Steve Barthelme is best known
as the author of the short story collection And He Tells The Little
Horse The Whole Story, and as the brother of Donald and Frederick,
both of whom are also well known writers.
Like his brothers, Steve is a Texan
by birth. He was born in Houston on July 7, 1947, the son of an
architect (his father) and a school teacher (his mother). He attended
Boston College in 1965-66, then
the University of Texas at Austin,
where he earned a B.A. in 1972. After graduating, he worked as a
Review Editor for The Texas Observer in Austin and then as
a copywriter for various advertising agencies in Austin and Houston.
In 1984, he earned an M.A. from
Johns Hopkins University, the same
school his brother Frederick was graduated from seven years before.
He used this graduate degree to get a job as an instructor at Northeast
Louisiana University, Monroe, and then in 1986, to become an
associate professor of English at the University
of Southern Mississippi in Hattiesburg, where his brother Frederick
Tom LeClair describes
Steve Barthelmes work as largely minimalist, in the tradition
of Carver and inspired by Chekhov, yet as another reviewer notes,
unique enough that it does not seem reminiscent of either of his
His collection of stories, And
He Tells the Little Horse the Whole Story, recounts a string
of adulteries from differing points of view. It is largely pessimistic
and darkly humorous but with an absurdity that reduces the collection’s
gloom. LeClair says that the stories are “about what we don’t, won’t,
and can’t say.” The characters are speakers and listeners who almost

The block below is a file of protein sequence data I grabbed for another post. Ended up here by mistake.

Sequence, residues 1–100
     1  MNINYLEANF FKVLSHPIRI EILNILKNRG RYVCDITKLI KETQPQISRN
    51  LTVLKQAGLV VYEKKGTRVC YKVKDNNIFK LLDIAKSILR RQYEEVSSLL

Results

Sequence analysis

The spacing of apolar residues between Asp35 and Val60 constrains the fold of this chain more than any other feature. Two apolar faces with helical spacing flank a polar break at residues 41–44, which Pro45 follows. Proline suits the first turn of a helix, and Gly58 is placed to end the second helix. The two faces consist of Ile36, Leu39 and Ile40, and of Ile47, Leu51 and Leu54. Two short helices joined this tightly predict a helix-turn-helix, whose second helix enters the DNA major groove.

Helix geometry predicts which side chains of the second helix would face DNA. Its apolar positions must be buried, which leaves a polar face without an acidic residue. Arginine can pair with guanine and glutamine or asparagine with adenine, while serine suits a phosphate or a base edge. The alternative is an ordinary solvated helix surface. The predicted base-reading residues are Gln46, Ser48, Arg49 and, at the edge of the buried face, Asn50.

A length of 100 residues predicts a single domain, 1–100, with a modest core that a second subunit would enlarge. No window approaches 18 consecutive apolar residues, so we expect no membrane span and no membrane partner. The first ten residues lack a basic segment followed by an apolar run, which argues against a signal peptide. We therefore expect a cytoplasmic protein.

never change roles. Most of them are middle-class whites in theit
thirties, drifting in and out of love. Half of the stories occur
As for Barthelme’s style, it is
made up of short, choppy sentences with few metaphors. The stories
in the first collection are very short. None are over fourteen pages.
They are closer to vignettes, notes Jim Spencer in his review, than
to stories with long rambling plots.
The title of the collection derives from a Chekhov story entitled
“Lament” or “Grief,” depending on the translation. In
the story, a poor cabdriver, whose son has died and who lacks an
audience to speak to, tells his story to his horse. The title’s
origin suggests something about the voices in the Barthelme’s
collection. Two of the stories, in fact, are outright laments themselves:
“Stoner’s Lament” and “Black Jack.”
Barthelme has won several awards
for his fiction, including several PEN Syndicated Fiction Awards
and a Pushcart Prize in 1993. He publishes widely in literary magazines,
and his nonfiction has appeared in the New York Times Magazine,
Los Angeles Times, Washington Post, and elsewhere.
—Jon M. Davies
Related Links & Info
- Fiction: Short Story Collections
- And He Tells the Little Horse the Whole Story. Johns
Hopkins University Press, 1987.
- (With Frederick
Barthelme) Double Down: Reflections on Gambling and Loss.
Boston: Houghton Mifflin, 1999.
- Articles and Book Reviews:
- LeClair, Tom. “Hi
Starter, Hi Washer, Hi Lover, Hi Cat.” Rev. of And He Tells
the Little Horse the Whole Story, by Steve Barthelme. New
York Times Book Review (20 Dec. 1987): 8.
- Locklin, Gerald. Rev. of And He Tells the Little Horse the
Whole Story, by Steve Barthelme. Studies in Short Fiction
125.2 (1988): 160-61.
- Spencer, Jim. “A Barthelme Brother Scouts Out His Niche.” Rev.
of And He Tells the Little Horse the Whole Story, by Steve
Barthelme. The Chicago Tribune (12 Jan. 1988): 5.3.
- Internet Resources
- Personal and Professional:
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